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The sun was in the zenith, and the flood of light which he poured down upon the river, and which flashed sparkling back, owing to a slight rippling movement of the waters, rendered still more sensible the red haze which veiled the distance. All the naked rocks and boulders around were covered with a countless number of large thick scaled igua

On the sandy bank of the Rio Apure, closely bordering upon the impenetrable forest, our author and his party bivouacked, as usual, under the open sky, surrounded by fires to keep off the prowling jaguars. Their hammocks were susspended on the oars of their boat, driven vertically into the ground, and the deep stillness which pre-nas, gecko-lizards, and variously spotted salamanvailed was broken only from time to time by the blowing of the fresh-water dolphins. Soon after eleven o'clock, however, such a disturbance began to be heard in the adjoining forest that sleep became impossible during the rest of the night.

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ders. Motionless, with uplifted heads and open mouths, they appeared to inhale the burning air seek shelter in the recesses of the forest, and the birds with ecstasy. At such times the larger animals hide themselves under the thick foliage of the trees, or in the clefts of the rocks; but if, under this apparent entire stillness of nature, we listen for the faintest tones which an attentive ear can seize, we shall perceive an all-pervading rustling sound, a humming and fluttering of insects close to the ground and in the lower strata of the atmosphere. Everything announces a world of organic activity and life. In every bush-in the cracked bark of the trees-in the earth, undermined by hymenopterous insects, life stirs audibly. It is, as it were, one of the many voices of nature, heard only by the sensitive and reverent ear of her true votaries.-Vol. i., p. 272.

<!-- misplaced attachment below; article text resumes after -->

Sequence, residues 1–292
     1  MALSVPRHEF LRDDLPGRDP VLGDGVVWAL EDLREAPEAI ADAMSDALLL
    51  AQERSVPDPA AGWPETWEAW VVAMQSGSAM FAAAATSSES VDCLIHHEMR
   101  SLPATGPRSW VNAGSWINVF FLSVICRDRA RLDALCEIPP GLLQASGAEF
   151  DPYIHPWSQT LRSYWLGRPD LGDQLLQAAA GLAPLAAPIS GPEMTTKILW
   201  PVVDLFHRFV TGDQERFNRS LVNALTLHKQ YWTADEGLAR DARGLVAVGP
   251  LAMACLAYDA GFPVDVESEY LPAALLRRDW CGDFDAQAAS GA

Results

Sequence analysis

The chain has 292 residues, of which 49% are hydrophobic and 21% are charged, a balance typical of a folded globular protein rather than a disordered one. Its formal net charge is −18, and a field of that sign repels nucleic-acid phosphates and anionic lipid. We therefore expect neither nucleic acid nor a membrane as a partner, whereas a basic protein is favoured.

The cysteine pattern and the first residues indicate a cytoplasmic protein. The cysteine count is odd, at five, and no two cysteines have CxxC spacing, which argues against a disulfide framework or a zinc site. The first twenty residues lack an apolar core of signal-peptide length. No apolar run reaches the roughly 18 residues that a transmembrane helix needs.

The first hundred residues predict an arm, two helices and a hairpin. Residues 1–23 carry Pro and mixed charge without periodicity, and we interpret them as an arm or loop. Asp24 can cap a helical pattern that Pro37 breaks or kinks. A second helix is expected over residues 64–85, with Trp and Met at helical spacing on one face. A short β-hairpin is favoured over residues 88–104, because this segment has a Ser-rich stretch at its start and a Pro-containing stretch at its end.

The wild cries of animals appeared to rage throughout the forest. Among the many voices which resounded together, the Indians could only recognize those which, after short pauses in the general uproar, were first heard singly. There was the monotonous howling of the alouates, (the howling monkeys,) the plaintive, soft, and almost flute-like tones of the small sapajous, the snarling grumblings of the striped nocturnal monkey, (the nictipithicus trivirgatus, which I was the first to describe,) the interrupted cries of the great tiger, the cuguar, or maneless American lion, the peccary, the sloth, and a host of parrots, parraquas, and other pheasant-like birds. When the tigers The second volume of the "Aspects of Nacame near the edge of the forest, our dog, which ture" commences with an instructive section "On had before barked incessantly, came howling to seek refuge under our hammocks. Sometimes the the Physiognomy of Plants," which our author cry of the tiger was heard to proceed from amidst prefaces with some highly interesting observathe high branches of a tree, and was then always tions on the universal profusion with which life accompanied by the plaintive piping of the monkeys is everywhere distributed. The information who were seeking to escape from the unwonted which is here conveyed to us has a high value at pursuit. If we ask the Indians why this incessant all times, but a very peculiar one at present, noise and disturbance takes place on particular when a great degree of probability attaches to the nights, they answer with a smile, that "the animals are rejoicing in the bright moonlight, and opinion that organic atoms floating in our atmoskeeping the feast of the full moon.' To me it phere are the cause of that dreadful pestilence appeared that the scene had originated in some which is now ravaging our land. In the dense accidental combat, that the disturbance had spread and lower strata of our atmosphere we are accusto other animals, and that the noise was thus more tomed to observe the general prevalence of life, and more increased. The jaguar pursues the pec- and travellers inform us that even on the polar caries and tapirs, and these pressing against each ice the air is resonant with the cries and songs other in their flight break through the interwoven tree-like shrubs which impede their escape; the of birds and with the hum of insect life. In the apes on the tops of the trees, frightened by the upper and more ethereal regions, 18,000 feet crash, join their cries to those of the larger ani- above the sea, Humboldt and Bonpland found mals; the tribes of birds who build their nests in butterflies and other winged insects which were communities are aroused, and thus the whole ani- involuntarily carried upwards by ascending curmal world is thrown into a state of commotion. rents of air; and the same creatures are carried Longer experience taught us that it is not always by storms from the land to great distances at sea. the celebration of the brightness of the moon which breaks the repose of the woods. We witnessed M. Boussingault, when ascending the Silla of the same occurrence repeatedly, and found that the Caraccas, saw whitish shining bodies rise from voices were loudest during violent falls of rain, or the valley to the summit of the Silla, 5755 feet when the flashing lightning, accompanied with loud high, and then sink down to the neighboring seapeals of thunder, illuminated the deep recesses of coast. This phenomenon continued for an hour, the forest.-Vol. i., pp. 270, 271. and the white bodies, though considered at first to have been small birds, turned out to be agglomerations of straws or blades of grass, belonging to the genus vilfa tenacissima, which abounds in the Caraccas and Cumana. Creatures still more wonderful are detected in the atmosphere by the aid of the microscope--minute animalculæ, (the rotifera and Brachione,) motionless and apparently dead, lifted up by the winds in multitudes from the surface of evaporating waters, and carried. about by atmospheric currents till the descending dews restore them to the earth, dissolving the film or envelope which incloses their transparent